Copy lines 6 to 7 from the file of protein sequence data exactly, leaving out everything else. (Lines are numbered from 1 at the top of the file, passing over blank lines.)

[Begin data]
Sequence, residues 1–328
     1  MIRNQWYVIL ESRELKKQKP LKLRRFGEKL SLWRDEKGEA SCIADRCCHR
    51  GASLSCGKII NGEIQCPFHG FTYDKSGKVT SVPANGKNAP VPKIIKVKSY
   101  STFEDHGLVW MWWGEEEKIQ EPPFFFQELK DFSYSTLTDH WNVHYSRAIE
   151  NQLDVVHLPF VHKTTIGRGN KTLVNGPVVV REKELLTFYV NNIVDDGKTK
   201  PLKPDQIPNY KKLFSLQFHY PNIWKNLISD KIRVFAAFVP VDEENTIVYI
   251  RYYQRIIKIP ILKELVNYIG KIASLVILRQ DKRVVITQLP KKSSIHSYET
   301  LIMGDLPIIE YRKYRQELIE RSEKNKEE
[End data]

   201  PLKPDQIPNY KKLFSLQFHY PNIWKNLISD KIRVFAAFVP VDEENTIVYI
   251  RYYQRIIKIP ILKELVNYIG KIASLVILRQ DKRVVITQLP KKSSIHSYET